“When we feel emotional or triggered or in the midst of conflict, it goes back to us operating from the survival mechanism in the brain, or what I call the alarm part of our brain,” Race adds. “When we’re feeling triggered like that, that’s not the best time to solve problems because that alarm overrides the prefrontal cortex. It makes it difficult to even listen effectively.”

Remember, practicing mindfulness strengthens the prefrontal cortex, making us better able to weather these storms. It also helps us recognize that another person’s anger/resentment/hostility—which are all forms of suffering—aren’t things we need to personalize. On the contrary, they’re feelings that are begging for compassion.

Mindfulness can also be a transformative parenting tool. Take a trip to any local park and you’ll likely notice a dominant trend: Kids playing on the playground while their parents peck away at their smartphone screens. Being mindful with our children is something that’s as easy as putting away the electronics.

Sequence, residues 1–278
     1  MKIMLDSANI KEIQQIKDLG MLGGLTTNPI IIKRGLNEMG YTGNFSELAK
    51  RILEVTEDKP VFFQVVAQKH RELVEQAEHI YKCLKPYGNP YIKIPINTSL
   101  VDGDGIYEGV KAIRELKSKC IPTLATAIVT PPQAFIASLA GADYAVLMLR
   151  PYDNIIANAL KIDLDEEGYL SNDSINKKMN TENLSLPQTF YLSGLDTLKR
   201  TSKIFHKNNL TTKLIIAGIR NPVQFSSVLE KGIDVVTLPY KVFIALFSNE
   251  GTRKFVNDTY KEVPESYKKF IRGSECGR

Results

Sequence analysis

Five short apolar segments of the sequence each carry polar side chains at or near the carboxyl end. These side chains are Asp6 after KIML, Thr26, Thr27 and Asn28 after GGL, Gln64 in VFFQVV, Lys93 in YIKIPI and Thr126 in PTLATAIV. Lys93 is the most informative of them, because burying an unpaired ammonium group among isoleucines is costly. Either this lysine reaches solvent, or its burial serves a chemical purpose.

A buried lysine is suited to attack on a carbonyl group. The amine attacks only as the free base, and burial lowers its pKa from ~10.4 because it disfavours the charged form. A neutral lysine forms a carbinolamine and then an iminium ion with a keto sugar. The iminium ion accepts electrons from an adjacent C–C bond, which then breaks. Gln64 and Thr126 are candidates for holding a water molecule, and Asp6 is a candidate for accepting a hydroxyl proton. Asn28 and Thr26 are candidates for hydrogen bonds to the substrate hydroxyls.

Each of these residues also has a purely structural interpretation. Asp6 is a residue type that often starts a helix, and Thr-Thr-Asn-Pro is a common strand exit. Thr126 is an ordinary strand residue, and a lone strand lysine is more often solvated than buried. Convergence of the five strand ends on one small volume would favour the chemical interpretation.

“Notice if you’re caught up in your phone, then see if you can put your phone away and look your child in the face when they ask you a question,” says Brewer. “Often, just that amount of attention is enough for them to know they’re still loved in that moment.”

Mixing Mindfulness with a Formal Contemplative Practice

While informal mindfulness practices are indeed valuable on their own, supplementing these efforts with a formal contemplative practice isn’t a bad idea.

“It’s difficult to only practice informally. It’s really tempting and sounds great and easy, but it’s hard,” says Race. “If you can take the time to spend five or 10 minutes sitting on the cushion and practicing mindful breathing, you’ll feel more present and engaged throughout the day.”

A regular meditation practice will only optimize your efforts to be more mindful in your day-to-day life. Race adds that it also primes the brain so that mindful living comes more easily. If a formal practice seems intimidating, start with baby steps. Just a few minutes a day can set the stage for more intentional living.